Tomoko Kodama

Region: Ottawa Ontario
Shin-Ijusha | Born 1934, Japan
Died 2010


Tomoko Kodama was a sumi-e painter born in Tokyo. She first discovered her love of art in high school, and went on to study nihonga painting in university. She received a bachelor of fine arts degree in 1957.

Kodama immigrated to Canada with her husband, Hideomi Kodama, in 1962. They were planning on staying only for the length of Hideomi’s two-year posting, but when he was offered a permanent position, they decided to stay in Ottawa and raise a family there. Kodama also began teaching sumi-e painting and shodo calligraphy part-time at the Ottawa School of Art and the Ottawa Japanese Cultural Centre.

Kodama began teaching her students in Canada the way she had been taught in Japan, encouraging them to observe and copy her work. But she found that her students were different from typical Japanese students in that they asked many questions while learning. In order to figure out how to answer their questions and explain the techniques she was teaching them, Tomoko developed a method she called the ‘3B’ (body, breath, and brush) method.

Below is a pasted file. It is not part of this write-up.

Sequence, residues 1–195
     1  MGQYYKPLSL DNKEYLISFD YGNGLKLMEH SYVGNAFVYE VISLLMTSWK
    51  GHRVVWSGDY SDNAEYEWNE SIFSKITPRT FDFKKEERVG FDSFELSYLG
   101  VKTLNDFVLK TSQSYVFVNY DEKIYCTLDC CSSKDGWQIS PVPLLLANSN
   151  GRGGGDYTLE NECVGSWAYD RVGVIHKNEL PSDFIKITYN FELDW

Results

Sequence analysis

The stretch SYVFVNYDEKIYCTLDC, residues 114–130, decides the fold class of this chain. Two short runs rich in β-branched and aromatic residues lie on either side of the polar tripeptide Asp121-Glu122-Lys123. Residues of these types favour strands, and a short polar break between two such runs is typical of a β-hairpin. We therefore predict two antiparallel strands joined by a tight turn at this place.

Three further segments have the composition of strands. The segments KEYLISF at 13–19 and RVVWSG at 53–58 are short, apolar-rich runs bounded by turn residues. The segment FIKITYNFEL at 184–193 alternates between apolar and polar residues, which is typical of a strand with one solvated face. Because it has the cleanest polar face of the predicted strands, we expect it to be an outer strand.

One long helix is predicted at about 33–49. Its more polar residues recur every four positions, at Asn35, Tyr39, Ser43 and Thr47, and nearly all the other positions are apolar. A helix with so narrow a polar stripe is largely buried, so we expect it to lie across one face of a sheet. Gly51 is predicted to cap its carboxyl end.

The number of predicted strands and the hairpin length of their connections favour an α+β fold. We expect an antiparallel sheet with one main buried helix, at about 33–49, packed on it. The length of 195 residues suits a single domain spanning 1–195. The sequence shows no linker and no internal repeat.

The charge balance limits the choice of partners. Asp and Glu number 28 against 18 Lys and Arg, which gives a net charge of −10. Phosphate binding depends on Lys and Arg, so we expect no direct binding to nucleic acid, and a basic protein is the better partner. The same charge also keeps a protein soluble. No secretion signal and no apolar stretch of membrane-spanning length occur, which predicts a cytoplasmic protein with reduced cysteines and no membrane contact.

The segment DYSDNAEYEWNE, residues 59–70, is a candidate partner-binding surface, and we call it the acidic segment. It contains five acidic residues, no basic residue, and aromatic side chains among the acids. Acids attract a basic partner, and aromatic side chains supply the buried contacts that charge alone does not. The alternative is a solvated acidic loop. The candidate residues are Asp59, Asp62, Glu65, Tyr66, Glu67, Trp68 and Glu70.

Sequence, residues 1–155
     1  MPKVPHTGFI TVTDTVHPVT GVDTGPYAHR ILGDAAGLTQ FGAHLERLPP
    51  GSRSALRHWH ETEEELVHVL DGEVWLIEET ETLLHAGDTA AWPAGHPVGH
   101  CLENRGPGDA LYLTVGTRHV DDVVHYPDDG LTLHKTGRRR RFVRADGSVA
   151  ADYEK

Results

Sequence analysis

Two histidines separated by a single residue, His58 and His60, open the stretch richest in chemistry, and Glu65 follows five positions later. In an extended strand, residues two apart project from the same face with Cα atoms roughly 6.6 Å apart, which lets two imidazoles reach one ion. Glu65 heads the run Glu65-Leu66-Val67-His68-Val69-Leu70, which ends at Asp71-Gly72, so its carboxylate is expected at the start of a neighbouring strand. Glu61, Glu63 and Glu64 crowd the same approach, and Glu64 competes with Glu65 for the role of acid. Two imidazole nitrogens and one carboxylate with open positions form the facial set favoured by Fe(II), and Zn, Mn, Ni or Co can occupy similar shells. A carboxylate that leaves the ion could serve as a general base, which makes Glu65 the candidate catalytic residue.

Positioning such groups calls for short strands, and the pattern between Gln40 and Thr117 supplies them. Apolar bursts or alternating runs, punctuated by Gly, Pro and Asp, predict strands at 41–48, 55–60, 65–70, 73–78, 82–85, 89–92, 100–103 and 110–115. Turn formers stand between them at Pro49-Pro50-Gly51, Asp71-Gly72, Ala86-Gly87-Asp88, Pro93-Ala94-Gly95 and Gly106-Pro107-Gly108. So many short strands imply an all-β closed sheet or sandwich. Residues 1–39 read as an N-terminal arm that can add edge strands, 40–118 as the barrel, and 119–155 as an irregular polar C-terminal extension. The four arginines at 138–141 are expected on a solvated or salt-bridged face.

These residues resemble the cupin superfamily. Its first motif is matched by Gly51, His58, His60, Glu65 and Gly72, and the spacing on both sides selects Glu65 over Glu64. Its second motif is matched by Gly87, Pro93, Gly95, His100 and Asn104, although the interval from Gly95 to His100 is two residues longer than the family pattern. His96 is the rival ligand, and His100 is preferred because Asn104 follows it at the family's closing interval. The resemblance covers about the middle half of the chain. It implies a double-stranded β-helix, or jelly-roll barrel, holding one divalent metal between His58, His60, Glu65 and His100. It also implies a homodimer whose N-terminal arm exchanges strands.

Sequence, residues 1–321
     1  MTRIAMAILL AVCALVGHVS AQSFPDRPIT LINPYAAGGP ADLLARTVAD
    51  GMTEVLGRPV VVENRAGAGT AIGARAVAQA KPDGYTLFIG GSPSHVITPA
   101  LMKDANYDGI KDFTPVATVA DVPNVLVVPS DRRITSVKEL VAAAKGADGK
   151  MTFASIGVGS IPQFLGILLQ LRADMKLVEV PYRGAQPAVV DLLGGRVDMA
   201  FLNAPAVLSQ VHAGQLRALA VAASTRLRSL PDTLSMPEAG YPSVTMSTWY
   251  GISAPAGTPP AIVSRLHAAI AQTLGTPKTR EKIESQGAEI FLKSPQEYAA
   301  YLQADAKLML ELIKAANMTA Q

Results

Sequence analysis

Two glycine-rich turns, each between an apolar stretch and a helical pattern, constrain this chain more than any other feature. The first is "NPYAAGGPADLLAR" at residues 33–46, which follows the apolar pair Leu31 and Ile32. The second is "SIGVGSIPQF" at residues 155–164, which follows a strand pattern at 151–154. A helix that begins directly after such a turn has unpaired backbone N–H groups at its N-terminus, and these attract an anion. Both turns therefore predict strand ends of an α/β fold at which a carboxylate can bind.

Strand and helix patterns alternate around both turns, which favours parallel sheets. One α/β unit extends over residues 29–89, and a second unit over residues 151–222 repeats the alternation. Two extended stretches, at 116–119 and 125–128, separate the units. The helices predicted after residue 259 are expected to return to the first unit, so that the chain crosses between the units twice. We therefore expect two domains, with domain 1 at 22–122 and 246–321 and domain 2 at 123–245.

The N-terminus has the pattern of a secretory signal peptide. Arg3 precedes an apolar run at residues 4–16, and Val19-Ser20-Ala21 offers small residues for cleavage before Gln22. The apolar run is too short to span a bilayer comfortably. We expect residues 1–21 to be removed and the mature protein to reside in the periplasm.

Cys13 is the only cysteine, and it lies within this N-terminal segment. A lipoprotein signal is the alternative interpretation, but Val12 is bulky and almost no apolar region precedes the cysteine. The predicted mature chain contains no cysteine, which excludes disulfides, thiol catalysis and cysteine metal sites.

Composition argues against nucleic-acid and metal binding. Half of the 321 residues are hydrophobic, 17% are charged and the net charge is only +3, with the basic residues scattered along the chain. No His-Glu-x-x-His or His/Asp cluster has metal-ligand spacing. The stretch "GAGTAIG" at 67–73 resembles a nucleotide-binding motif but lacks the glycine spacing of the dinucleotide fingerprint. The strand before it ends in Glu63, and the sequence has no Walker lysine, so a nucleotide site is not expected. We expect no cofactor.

Kodama went on to found a sumi-e artists’ collective called Group Yohaku (Yohakukai in Japanese) based on her 3B technique. The group, consisting of Tomoko and her students, exhibited work in Canada, Japan, and China.

In 2009, Kodama received a lifetime achievement award from the Ottawa School of Art in honour of her 40 years of teaching. In addition to painting and calligraphy, as a senior Kodama enjoyed learning dancing and playing the cello. She believed in learning from her students as well as teaching them, and admired when they used her 3B technique in other artistic mediums. She hoped that one day, her made-in-Canada technique for practicing Japanese art would make its way back to Japan.

Adapted from Sakie Kodama:

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